The Long-Term Costs of the War in Iraq
I found this article written in May of 2007. I thought it might be interesting to revisit when we talk about the war, and it's impact on our economy.
Money that could have been spent on things like developement of alternative fuels,both in government and private sectors for instance. That would wean us off foreign oil, help to ensure our national security, and provide jobs and spending in the private and public sector.
We would no longer need to borrow money from China to pay for the war, where we drill for oil that we then buy from countries who hate us. That then causes tensions between us and other countries with nuclear capabilities because they are selling weapons to those countries who would not be able to afford to buy the weapons without our money.
We could have also allocated more to the war on terror in Afghanistan. Troops would actually be serving to protect us.
Anyhow, here is that article.
The Long-Term Costs of the War in Iraq
How much will the Iraq war cost us?:
Experts Calculate Billions in Long-term Costs of War, PBS [Real Audio - Download - Streaming Video]: Congress has approved about $450 billion to date for the Iraq and Afghanistan wars, but economists also have been tabulating the long-term costs such as veterans' care. Economics correspondent Paul Solman explores the broader costs of the war.
JIM LEHRER: Now, what the war in Iraq is costing. Democrats in Congress are still trying to pass a war funding bill the president will sign. That legislation will provide money for military operations, but those funds are only part of the larger price tag. The NewsHour's economics correspondent, Paul Solman, has our report.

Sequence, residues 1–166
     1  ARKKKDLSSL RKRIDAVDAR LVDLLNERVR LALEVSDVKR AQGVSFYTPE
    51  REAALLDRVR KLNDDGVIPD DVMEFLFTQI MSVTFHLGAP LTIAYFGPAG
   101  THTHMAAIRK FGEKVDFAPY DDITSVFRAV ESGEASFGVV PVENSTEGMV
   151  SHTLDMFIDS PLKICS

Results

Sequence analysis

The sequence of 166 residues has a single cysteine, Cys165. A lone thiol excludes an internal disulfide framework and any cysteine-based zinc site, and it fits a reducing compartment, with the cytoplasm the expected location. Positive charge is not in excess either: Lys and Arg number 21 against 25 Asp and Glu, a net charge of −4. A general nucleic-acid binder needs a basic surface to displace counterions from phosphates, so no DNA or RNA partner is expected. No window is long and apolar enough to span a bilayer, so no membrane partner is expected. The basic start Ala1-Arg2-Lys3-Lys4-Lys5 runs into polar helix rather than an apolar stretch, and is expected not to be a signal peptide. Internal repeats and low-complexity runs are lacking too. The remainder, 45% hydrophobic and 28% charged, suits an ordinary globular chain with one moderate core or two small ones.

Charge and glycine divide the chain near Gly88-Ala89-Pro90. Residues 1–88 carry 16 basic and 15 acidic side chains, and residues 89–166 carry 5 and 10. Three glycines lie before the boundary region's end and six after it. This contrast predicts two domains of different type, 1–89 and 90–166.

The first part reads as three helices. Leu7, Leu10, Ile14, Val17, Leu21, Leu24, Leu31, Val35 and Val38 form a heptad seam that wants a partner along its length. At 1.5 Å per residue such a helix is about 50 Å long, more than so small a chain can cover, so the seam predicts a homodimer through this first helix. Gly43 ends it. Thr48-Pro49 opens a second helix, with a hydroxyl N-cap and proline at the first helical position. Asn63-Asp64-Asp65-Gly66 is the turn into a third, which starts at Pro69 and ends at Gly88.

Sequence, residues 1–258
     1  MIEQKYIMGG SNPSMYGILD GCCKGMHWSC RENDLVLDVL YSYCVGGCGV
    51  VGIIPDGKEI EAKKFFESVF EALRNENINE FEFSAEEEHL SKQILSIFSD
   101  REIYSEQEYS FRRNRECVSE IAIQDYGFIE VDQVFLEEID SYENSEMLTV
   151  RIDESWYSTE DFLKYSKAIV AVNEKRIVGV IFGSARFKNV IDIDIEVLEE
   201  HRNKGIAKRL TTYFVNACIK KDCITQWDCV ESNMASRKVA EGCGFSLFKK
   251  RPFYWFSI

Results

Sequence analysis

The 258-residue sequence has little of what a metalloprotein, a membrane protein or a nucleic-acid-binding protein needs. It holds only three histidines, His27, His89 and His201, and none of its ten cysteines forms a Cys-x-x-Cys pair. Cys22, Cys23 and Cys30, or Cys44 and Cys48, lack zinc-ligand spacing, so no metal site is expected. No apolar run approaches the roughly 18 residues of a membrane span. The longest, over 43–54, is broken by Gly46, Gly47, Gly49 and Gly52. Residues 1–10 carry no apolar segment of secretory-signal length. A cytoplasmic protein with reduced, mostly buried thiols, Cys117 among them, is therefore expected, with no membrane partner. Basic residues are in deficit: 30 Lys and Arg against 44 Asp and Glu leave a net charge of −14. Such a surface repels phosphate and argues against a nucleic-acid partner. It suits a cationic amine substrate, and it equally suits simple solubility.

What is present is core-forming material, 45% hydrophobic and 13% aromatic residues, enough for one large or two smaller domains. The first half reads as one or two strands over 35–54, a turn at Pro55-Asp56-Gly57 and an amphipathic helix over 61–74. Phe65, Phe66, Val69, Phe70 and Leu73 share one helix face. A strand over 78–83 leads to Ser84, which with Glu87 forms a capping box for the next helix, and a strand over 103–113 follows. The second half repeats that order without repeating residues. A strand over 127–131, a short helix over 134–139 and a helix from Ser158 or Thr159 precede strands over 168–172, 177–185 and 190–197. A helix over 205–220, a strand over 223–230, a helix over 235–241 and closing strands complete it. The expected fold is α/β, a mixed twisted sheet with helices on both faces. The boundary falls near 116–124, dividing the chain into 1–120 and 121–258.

PAUL SOLMAN [NewsHour Economics Correspondent]: The cost of the Iraq war, it's a far cry from the original estimates.
DONALD RUMSFELD [Former U.S. Secretary of Defense]: The Office of Management and Budget estimated it would be something under $50 billion.
GEORGE STEPHANOPOULOS [Host, "This Week"]: Outside estimates say up to $300 billion.
DONALD RUMSFELD: Baloney.
PAUL SOLMAN: The $50 billion estimate turns out to be a modest fraction of what the war has actually cost thus far, the out-of-pocket, mainly military costs.
GREG SPEETER [National Priorities Project]: We're averaging, over the period of the war, about $275 million a day.
PAUL SOLMAN: Greg Speeter runs the National Priorities Project and its costofwar.com Web site, which tracks the spending per second. At this point, says Speeter, the total is close to $450 billion.
GREG SPEETER: That gives you some indication of just how expensive this war is.
PAUL SOLMAN: But, no, it really doesn't, according to those who've looked at the numbers more broadly. As economist Linda Bilmes explains...
LINDA BILMES [Harvard University]: Even if we withdrew all of our troops from Iraq tomorrow, the war would still keep costing us money for many, many years to come, because there are several long-term costs which are not included in the running costs of the war.
PAUL SOLMAN: With Nobel laureate economist and former Bill Clinton adviser Joe Stiglitz, Bilmes did a cost study that's received a lot of attention for its bottom line.
LINDA BILMES: The total cost of the war would be between $1 trillion and $2 trillion.
PAUL SOLMAN: But how do you get from $450 billion to as much as $2 trillion? Let's take the added costs one at a time.
First of all, says Professor Stiglitz, during any war...
JOSEPH STIGLITZ [Columbia University]: ... you use up equipment. Equipment gets depreciated, deteriorates, and much of that doesn't get replaced until after the war is over.
LINDA BILMES: There's also the cost of what's called resetting the military, retraining the troops and bringing the U.S. military force back up to its pre-Iraq strength.
PAUL SOLMAN: Plus, says Stiglitz...
JOSEPH STIGLITZ: One of the consequences of the war is that people are not volunteering for the Army. To recruit people into the Army, you have to pay big bonuses, so our overall recruitment cost skyrocketed.
The addition of medical costs
PAUL SOLMAN: Summing all increased military costs would add at least $125 billion to the total. An even bigger addition, though, comes from medical costs, present and, more importantly, future.